By Jonathan Landsman ’05
In January 2021, New York City opened city-run points of distribution (PODs) for the Covid-19 vaccine and put out a call for volunteer staff across its municipal workforce, including the Department of Parks & Recreation, where I work. January 15 was my first day of service with about 80 other municipal workers at a converted high school in Jamaica, Queens. We received task briefings, vests in high-viz colors signifying our roles and big signs to wear if we could speak a second language. Among us we spoke about 10 languages; the borough we served speaks more than 100.
“The most reassuring thing…has been the great diversity of city workers meeting them: a dozen touchless touches for every person we served.”
This was so new to everyone, and there was enough nervousness among the public about sharing a building with 200 masked strangers, likely for the first time in nine months, that I never felt useless even in my simple first-day task of helping people turn left. Looking back now on these past eight weeks, I have witnessed how the most reassuring thing to the great diversity of citizens venturing into a high school to be vaccinated has been the great diversity of city workers meeting them: at the door, along the line, giving the shot, booking the second dose—a dozen touchless touches for every person we served.
Week by week, I saw how we were straining not only to mount an unprecedented effort but also to tune our procedures to find so many balances. We needed to process people as quickly as possible, but we had to distance them. We had to enforce a building capacity but minimize anyone’s time in the cold. It was crucial to verify that each person had an appointment so that we wouldn’t run out of supply, but of course we desperately wanted to avoid turning away someone with an appointment that they simply couldn’t “prove.” We were obliged to turn away anyone who couldn’t demonstrate that they lived or worked in NYC, but we couldn’t rely on the simplicity of one form of address-bearing ID, lest we exclude the undocumented.
I later trained to do the front-door screenings, and this became my main role. In the first few weeks, for 19 people out of 20, my job was much like it was on day one: exchange information calmly and briskly, get people inside, help those who couldn’t wait in the cold to enter even faster. But one out of every 20 people had no appointment at all, and one out of every 100 had an appointment but was ineligible. My job then, with as much compassion as I could show through a mask and face shield, was to turn them away.
In those early weeks, when NYC still had a lot of kinks to work out and a very low vaccine supply, virtually all the people I turned away were of qualifying age but couldn’t achieve the massive investment of free time it took to operate a computer and book the scarce appointments. More than one person, trying to verify an appointment, showed me a screenshot of a web page that read, “This is not a confirmed appointment, click here to submit.” More than half of those I turned away thanked me before they left. It makes me choke up to write that, so let me emphasize this point: By “thanked me,” I do not mean a throwaway “Thanks.” I mean a moment, eye contact, a measured intent of gratitude.
Queens is my beloved hometown, and that fact, as much as this historic project, thrilled me: after our year of isolation, in the POD I was conversing, face to face-shield, with more neighbors daily than I ever have. I checked in the broker who sold me my apartment. I met someone whose full name was a homonym of mine; his girlfriend found this all hilarious. There were so many intergenerational families, their American-born children negotiating for silent elders who had appointments. A coworker and a 90-year-old man sang “You Are My Sunshine” to each other as she pushed his wheelchair down the hall. A 90-year old woman capped off one of my shifts by sprinting for the door 10 minutes after our closing time as a few young staff members urged her to please take her time—we were open! She arrived panting but very pleased; she was both deaf and in extremely good shape, and I think she just fancied a sprint.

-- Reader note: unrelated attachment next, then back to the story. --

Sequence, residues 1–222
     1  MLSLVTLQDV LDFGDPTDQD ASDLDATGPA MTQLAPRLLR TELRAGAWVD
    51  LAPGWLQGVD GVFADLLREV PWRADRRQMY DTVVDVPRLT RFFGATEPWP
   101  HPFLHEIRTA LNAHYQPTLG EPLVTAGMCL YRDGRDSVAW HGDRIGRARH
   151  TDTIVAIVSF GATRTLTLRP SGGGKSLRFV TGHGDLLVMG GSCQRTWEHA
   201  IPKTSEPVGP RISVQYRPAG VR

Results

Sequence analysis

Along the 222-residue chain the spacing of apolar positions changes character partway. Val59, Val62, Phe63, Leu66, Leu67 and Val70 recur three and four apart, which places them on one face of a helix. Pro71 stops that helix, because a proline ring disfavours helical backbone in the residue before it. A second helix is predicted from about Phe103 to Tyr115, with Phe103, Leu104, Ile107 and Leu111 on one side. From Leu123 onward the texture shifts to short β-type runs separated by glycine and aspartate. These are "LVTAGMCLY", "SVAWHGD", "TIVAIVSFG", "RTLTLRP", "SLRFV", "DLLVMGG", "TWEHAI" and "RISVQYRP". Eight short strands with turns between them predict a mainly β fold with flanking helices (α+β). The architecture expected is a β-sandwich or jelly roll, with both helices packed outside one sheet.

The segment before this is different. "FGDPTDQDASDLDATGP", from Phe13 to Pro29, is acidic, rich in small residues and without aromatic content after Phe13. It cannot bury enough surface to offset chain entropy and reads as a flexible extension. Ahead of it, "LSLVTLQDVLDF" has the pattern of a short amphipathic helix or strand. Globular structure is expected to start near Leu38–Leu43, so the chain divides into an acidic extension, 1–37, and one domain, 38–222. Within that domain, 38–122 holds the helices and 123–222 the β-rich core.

But when I got home one night that first week, I wrote in a note to my class secretaries, “I am watching (and, I guess, a part of) decades of underinvestment in government tech and emergency readiness that’s creating unnecessary suffering for the elderly literally out in the cold, the lonely who don’t have a child to work their computer for them, the non-English speakers whom we don’t serve at all with our website that uses a seven-page form for booking. I also estimate that we are vaccinating 90% fewer Black people than we would be if our clients reflected the neighborhood’s demographics.”
I wrote those words two months ago; happily, I can say that I absolutely witnessed improvement. Come March, besides seeing proportionally more Black members of the community, I was using my barely adequate Spanish for almost half my shift, and I was seeing a lot more foreign passports and resident cards, which meant we were starting to welcome the breadth of Queens.
At my last shift, there were rumors that NYC may privatize our vaccination operation in May. As of this writing, though, those who live or work here are eligible for an appointment at a POD that is still city-staffed. We have not achieved perfection, but since day one, we have never failed to fulfill an appointment no matter someone’s language or trepidation. We are 80 civil servants forming a path of human waypoints along every step or wheel-spoke of the way from the curb to the vaccination gymnasium and back again. For all our fellow New Yorkers, when their day comes, we have ready their dose and our companionship.